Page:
Neo-expressionism has influenced me, freeing me from abstraction and leading me back to figurative painting. It has become a significant part of my art. I gradually changed from pure abstract style to figurative painting, incorporating academic techniques from the late 90s. Later, I noticed that my works appeared differently, meaning my own style was established confidently with more feelings and emotions added in. It was in the late 1990s in Germany when some European critics called me a “rising neo-expressionist in abstract art with unique style”.
The third important thing was my long working period during which I made art installations. This started from the late 90s alongside my paintings and continues today. I participated in many art exhibition with both my paintings and installations, from group shows to solo shows. Those installations stand for my own style to a major extent. An artist should not only do paintings, but also should use various artistic elements to express his styles, showing a comprehensive artistic consideration with diversified art languages. Many famous artists today use diverse artistic media, varying from paintings to sculptures and to a wider range of styles. Art develops into an intensively diversified portfolio of forms. This has encouraged me to devote my time to creating paintings, installations, photography and multi-media arts, which all formed my contemporary artistic expression in the 21st century as a whole. I think, as an artist, the process of changing and transforming artistic styles is also a process of self-revolution and self-introspection.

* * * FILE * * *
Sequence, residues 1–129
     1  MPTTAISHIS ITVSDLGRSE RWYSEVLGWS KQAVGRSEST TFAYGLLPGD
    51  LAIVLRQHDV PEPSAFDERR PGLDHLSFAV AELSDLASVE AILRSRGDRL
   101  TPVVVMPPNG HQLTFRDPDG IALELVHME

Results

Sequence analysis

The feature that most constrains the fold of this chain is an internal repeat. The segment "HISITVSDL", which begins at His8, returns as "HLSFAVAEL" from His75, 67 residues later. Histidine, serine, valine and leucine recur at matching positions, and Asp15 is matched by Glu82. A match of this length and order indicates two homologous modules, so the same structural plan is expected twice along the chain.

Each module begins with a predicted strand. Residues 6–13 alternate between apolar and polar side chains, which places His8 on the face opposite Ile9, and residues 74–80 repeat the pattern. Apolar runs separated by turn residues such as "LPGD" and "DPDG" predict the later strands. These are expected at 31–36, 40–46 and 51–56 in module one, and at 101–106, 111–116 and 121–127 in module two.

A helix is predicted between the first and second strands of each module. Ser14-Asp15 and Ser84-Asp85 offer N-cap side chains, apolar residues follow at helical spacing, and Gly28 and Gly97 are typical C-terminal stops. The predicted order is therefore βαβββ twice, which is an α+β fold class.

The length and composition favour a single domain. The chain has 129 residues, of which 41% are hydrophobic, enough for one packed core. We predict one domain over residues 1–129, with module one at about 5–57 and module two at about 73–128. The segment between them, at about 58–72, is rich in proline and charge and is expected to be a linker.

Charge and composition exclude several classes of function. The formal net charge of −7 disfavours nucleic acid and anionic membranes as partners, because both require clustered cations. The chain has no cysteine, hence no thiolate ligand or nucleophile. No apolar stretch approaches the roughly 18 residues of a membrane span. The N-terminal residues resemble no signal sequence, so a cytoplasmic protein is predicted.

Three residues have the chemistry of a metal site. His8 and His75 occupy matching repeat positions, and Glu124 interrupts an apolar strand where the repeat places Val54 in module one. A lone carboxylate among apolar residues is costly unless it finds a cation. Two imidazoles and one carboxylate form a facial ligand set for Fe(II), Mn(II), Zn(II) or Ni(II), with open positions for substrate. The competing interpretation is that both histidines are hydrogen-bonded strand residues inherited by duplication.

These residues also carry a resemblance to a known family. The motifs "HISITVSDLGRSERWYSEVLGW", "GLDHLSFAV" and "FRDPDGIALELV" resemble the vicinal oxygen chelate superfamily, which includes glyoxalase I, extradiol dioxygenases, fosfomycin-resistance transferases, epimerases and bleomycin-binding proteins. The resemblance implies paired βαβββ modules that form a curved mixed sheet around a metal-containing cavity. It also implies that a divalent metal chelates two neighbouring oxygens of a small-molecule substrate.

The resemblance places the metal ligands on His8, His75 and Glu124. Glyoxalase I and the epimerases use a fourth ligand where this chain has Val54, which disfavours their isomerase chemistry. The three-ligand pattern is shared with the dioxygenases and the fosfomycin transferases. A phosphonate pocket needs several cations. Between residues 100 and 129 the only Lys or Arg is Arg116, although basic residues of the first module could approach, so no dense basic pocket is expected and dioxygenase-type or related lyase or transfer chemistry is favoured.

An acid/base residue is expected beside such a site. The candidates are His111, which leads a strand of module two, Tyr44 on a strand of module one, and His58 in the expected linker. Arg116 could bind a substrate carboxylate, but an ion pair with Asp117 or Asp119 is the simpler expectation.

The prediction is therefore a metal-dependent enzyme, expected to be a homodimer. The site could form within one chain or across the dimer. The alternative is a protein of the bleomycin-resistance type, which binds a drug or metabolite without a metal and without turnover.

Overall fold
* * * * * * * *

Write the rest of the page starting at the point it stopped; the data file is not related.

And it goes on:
The forth important thing has been to raise the quality of my art to new heights after being declared a German neo-expressionist. For fifteen years since 2002, I have participated in many major art exhibitions throughout the world, which has been a great encouragement for me to continue creating art. Being a recognized artist in the West, I am able to promote and express my own art style. This experience has been exceptional to me, giving me great confidence in my artistic life. An artist is meant to be confident and proud, otherwise his art will show timidity. I was able to advocate for myself and push my art to a higher level, to be compared with international artists and to join important exhibitions, which would be hugely encouraging for any artist.
I left China thirty years ago, thus I always look at issues happening in China with a foreigner’s perspective. Looking at the media’s presentations, I don’t really care about politics; those major political issues seem irrelevant to me.
Issues in Europe or other parts of the world, or even social development topics, are to an artist objective matters which he should be looking at with his own angle and position. He should not be swayed by the issues, unless there are wars or similar chaos. I think in a peaceful environment in Europe, people’s life and society, as well as the broader culture and cultivation opportunities are not vastly influential in an artist’s development.
Any interview question asking about my choice of style and technique appears a bit absurd. A successful artist does not choose his style or technique, but forms the style after a life-long exploration of his artistic development. He forms this style, instead of choosing it, to create art. I express my art with heart and flesh, with my spirit and whole soul. It’s a matter of independence for an artist; he needs not to listen to others’ opinions. An artist is in a world of his own, thus he could influence the outside world as a whole. I have not chosen a style.
This interview should not be a show, thus I want to express what is true to me, saying what I want to say to the media. Other things are not related to me. I am responsible to my own art, and to myself. How people praise or criticise my art should be a very natural thing.